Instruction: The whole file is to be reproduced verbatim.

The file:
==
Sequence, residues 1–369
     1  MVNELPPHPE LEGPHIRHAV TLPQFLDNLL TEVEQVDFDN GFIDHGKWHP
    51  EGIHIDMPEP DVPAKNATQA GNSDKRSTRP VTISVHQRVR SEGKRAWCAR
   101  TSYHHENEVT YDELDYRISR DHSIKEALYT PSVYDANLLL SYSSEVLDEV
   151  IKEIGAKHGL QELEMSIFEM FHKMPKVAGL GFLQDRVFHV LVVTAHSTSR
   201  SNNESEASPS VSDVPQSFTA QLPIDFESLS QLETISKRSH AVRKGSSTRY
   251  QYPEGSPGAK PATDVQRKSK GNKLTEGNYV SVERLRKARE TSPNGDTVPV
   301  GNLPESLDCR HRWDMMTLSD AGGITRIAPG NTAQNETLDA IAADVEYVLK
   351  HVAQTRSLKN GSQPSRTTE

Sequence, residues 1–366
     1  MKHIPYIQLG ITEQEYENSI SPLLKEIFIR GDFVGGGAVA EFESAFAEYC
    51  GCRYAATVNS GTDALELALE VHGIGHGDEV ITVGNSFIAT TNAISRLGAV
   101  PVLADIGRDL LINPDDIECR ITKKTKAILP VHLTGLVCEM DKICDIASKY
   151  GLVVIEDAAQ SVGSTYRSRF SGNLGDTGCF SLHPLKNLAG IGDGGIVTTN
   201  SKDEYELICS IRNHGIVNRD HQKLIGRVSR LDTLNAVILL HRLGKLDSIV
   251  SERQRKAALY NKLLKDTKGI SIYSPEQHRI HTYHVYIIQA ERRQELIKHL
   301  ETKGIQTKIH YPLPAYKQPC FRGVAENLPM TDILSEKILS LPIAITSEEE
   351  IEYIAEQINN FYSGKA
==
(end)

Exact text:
Sequence, residues 1–369
     1  MVNELPPHPE LEGPHIRHAV TLPQFLDNLL TEVEQVDFDN GFIDHGKWHP
    51  EGIHIDMPEP DVPAKNATQA GNSDKRSTRP VTISVHQRVR SEGKRAWCAR
   101  TSYHHENEVT YDELDYRISR DHSIKEALYT PSVYDANLLL SYSSEVLDEV
   151  IKEIGAKHGL QELEMSIFEM FHKMPKVAGL GFLQDRVFHV LVVTAHSTSR
   201  SNNESEASPS VSDVPQSFTA QLPIDFESLS QLETISKRSH AVRKGSSTRY
   251  QYPEGSPGAK PATDVQRKSK GNKLTEGNYV SVERLRKARE TSPNGDTVPV
   301  GNLPESLDCR HRWDMMTLSD AGGITRIAPG NTAQNETLDA IAADVEYVLK
   351  HVAQTRSLKN GSQPSRTTE

Sequence, residues 1–366
     1  MKHIPYIQLG ITEQEYENSI SPLLKEIFIR GDFVGGGAVA EFESAFAEYC
    51  GCRYAATVNS GTDALELALE VHGIGHGDEV ITVGNSFIAT TNAISRLGAV
   101  PVLADIGRDL LINPDDIECR ITKKTKAILP VHLTGLVCEM DKICDIASKY
   151  GLVVIEDAAQ SVGSTYRSRF SGNLGDTGCF SLHPLKNLAG IGDGGIVTTN
   201  SKDEYELICS IRNHGIVNRD HQKLIGRVSR LDTLNAVILL HRLGKLDSIV
   251  SERQRKAALY NKLLKDTKGI SIYSPEQHRI HTYHVYIIQA ERRQELIKHL
   301  ETKGIQTKIH YPLPAYKQPC FRGVAENLPM TDILSEKILS LPIAITSEEE
   351  IEYIAEQINN FYSGKA